The cartoon, which came out on Feb. 18, depicted police shooting a chimp, while saying “they’ll have to find someone else to write the stimulus bill.”

Murdoch said the cartoon chimp was not supposed to represent Obama. It was meant to mock the economic stimulus legislation Obama wrote, which Mardoch felt was poorly written.

The cartoon also referenced a crime that occurred weeks before the cartoon came out. A pet chimp was shot by a police officer in Connecticut after it mauled a woman who was visiting its owner.

After its release, the cartoon was denounced by famous public figures including Rev. Al Sharpton and Andrew Rojecki, the co-author of the book The Black Image in the White Mind.

Murdoch said he had spoken to a number of people since the publication and that he could now “better understand the hurt this cartoon has caused.”

Source: BBC News


Outside the gates was published on March 2, 2009 in News

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Outside the gates

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February 16, 2009

Ruling against prison overcrowding

Last Monday, federal courts in San Francisco decided to reduce the nation’s largest prison system by one-third.

The courts intend to cap the number of prisoners at about 101,000, a reduction of 55,000.

The judges encouraged the state to negotiate with inmates’ lawyers to cut the prison population from 156,000, which is about double the system’s capacity, within three years. If the state refuses to negotiate, the judges could shorten prison sentences and send nonviolent felons to county programs instead of prisons.

The state disagrees that the court has such authority. Attorney General Jerry Brown of California vowed to appeal the judges’ final order to the United States Supreme Court.

Lawyers for the state have argued that the federal courts lack the authority to order prison reforms costing billions of dollars, especially at a time when California is facing a $40 billion deficit.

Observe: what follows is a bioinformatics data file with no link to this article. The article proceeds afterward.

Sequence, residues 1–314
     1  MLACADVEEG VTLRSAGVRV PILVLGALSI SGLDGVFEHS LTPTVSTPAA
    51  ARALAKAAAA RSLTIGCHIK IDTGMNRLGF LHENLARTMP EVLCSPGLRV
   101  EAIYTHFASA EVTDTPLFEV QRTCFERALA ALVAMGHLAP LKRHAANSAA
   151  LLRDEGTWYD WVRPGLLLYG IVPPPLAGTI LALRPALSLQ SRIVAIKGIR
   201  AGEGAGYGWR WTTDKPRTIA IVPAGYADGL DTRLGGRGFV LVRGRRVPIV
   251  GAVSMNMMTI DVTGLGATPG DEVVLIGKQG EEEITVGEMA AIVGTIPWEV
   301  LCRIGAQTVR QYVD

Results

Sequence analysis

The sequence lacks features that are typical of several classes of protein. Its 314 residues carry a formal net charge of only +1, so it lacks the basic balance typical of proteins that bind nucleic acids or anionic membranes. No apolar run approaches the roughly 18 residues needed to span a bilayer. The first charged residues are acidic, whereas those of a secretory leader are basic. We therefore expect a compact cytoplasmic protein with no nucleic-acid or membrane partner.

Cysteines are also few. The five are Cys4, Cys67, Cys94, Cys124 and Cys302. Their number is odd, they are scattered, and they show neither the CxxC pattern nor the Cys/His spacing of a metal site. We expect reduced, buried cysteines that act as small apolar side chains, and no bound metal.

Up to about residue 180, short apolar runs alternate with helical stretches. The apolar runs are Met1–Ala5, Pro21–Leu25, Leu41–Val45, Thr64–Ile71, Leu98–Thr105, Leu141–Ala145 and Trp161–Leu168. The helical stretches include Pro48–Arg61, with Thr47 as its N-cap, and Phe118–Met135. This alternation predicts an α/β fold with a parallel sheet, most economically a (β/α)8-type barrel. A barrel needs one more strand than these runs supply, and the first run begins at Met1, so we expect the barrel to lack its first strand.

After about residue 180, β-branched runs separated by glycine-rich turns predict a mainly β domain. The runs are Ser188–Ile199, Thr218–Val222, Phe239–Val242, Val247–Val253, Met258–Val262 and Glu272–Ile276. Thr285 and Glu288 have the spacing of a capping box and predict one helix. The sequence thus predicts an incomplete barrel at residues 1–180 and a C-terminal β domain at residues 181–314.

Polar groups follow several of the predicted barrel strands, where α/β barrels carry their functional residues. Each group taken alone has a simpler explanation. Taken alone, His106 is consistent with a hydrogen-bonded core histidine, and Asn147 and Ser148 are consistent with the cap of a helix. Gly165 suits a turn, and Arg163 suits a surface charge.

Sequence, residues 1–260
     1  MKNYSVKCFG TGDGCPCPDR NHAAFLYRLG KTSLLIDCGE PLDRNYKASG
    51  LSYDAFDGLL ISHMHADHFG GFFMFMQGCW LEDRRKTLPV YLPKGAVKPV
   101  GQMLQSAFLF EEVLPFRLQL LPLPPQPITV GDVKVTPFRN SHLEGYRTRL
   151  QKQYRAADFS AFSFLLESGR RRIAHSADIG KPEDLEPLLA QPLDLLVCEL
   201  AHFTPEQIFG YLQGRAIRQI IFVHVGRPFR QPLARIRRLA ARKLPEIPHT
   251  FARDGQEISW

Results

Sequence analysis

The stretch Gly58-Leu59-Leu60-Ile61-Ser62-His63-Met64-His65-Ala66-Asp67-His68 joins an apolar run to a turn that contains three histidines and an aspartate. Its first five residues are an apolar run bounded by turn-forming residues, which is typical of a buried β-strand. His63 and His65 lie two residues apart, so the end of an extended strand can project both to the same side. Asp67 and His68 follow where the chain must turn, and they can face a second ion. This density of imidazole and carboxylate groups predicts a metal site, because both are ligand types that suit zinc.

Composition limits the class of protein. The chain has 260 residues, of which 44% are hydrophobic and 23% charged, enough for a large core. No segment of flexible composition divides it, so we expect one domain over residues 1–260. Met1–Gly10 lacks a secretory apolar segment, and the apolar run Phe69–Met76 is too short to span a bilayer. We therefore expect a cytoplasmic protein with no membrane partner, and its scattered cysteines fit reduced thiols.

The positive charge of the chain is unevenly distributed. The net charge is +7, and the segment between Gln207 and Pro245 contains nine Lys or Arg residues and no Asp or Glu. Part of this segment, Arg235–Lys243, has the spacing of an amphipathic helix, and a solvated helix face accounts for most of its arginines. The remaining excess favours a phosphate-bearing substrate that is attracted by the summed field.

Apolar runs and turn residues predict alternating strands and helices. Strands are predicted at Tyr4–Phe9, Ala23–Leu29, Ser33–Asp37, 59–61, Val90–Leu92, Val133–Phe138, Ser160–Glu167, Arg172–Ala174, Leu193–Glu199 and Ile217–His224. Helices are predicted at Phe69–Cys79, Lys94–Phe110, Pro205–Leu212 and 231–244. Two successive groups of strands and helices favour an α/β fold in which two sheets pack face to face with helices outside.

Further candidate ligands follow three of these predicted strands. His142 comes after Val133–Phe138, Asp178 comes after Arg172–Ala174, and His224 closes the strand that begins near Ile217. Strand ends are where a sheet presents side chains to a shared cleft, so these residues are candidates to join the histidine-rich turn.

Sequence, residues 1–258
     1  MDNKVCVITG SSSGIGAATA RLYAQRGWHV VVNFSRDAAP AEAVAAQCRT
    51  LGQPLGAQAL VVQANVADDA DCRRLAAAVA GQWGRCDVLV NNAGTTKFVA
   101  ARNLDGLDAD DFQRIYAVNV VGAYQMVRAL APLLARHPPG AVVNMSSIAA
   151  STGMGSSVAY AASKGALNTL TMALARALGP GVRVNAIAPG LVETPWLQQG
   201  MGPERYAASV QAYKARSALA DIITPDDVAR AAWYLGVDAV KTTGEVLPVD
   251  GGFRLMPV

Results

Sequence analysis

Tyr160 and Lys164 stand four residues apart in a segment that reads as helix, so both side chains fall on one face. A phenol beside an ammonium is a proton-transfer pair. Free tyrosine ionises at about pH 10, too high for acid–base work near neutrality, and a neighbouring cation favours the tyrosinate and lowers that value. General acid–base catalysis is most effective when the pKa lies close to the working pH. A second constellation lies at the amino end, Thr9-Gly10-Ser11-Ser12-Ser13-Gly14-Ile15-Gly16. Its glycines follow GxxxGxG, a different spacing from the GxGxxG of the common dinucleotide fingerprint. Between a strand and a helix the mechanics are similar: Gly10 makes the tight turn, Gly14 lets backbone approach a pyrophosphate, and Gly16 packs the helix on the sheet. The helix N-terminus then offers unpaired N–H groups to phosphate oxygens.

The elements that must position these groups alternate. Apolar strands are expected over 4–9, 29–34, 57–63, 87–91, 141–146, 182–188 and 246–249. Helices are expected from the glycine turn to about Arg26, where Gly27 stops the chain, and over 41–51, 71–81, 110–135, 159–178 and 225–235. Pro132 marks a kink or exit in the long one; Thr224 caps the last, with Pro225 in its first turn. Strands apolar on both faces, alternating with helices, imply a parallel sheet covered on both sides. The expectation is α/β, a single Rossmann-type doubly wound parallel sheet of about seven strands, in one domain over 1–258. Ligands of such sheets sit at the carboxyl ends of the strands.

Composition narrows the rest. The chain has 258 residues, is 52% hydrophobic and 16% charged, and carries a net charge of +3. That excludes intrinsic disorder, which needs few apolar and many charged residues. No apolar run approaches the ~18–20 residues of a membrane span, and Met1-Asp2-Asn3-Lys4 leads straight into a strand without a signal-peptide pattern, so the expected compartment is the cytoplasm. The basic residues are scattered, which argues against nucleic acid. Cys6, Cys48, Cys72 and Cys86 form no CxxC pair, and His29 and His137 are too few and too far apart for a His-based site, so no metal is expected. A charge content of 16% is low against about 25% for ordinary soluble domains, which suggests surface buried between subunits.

Some critics of the current California prison system blame California’s three-strikes law, which doubles sentences for second-time felons, and reserves life sentences for even nonviolent third-felony offenders. As of March 2008, there were 41,284 prisoners serving time under the three-strikes law.

– Source: The New York Times

Starbucks to offer value-meals

Starbucks Corp., which is trying to refashion its image as a more recession-friendly coffeehouse, will begin to sell breakfast “pairings” beginning in March.

Customers will be able to order a tall latte and oatmeal or a slice of reduced-fat cinnamon swirl coffee cake for $3.95 each. Drip coffee drinkers can get a tall brewed coffee with a breakfast sandwich at the same price.

Starbucks said it will also launch two new breakfast sandwiches – a bacon sandwich with egg and gouda cheese and a ham sandwich made with egg and cheddar.
– Source: San Francisco Chronicle

Bay Area activist may receive U.S. government seat

President Barack Obama will nominate Bay Area education activist Russlynn Ali to a key civil rights post.

If confirmed by the Senate, Ali would become assistant secretary for civil rights at the Department of Education, responsible for ensuring equal access to education through enforcement of civil rights.

Ali is vice president of the Education Trust, a Washington group whose goal is to close the achievement gap, and is the founding director of the Education Trust-West in Oakland.

She supports the federal No Child Left Behind education act and California’s high school exit exam.

Ali is a member of the State Bar of California and holds a law degree from Northwestern University School of Law.

– Source: San Francisco Chronicle

New Drugs Uses Genetically Engineered Materials

Last Monday, the U.S. Food and Drug Administration approved the first drug that contains materials from genetically engineered animals.

The drug, ATryn, includes milk from goats that have been genetically altered to produce an extra protein that acts as a blood thinner.

The drug will be used to treat hereditary antithrombin deficiency, a disease that increases the likelihood of getting deadly blood clots. About one in 5,000 people have this genetic disorder.

– Source: U.S. News


Outside the gates was published on February 16, 2009 in News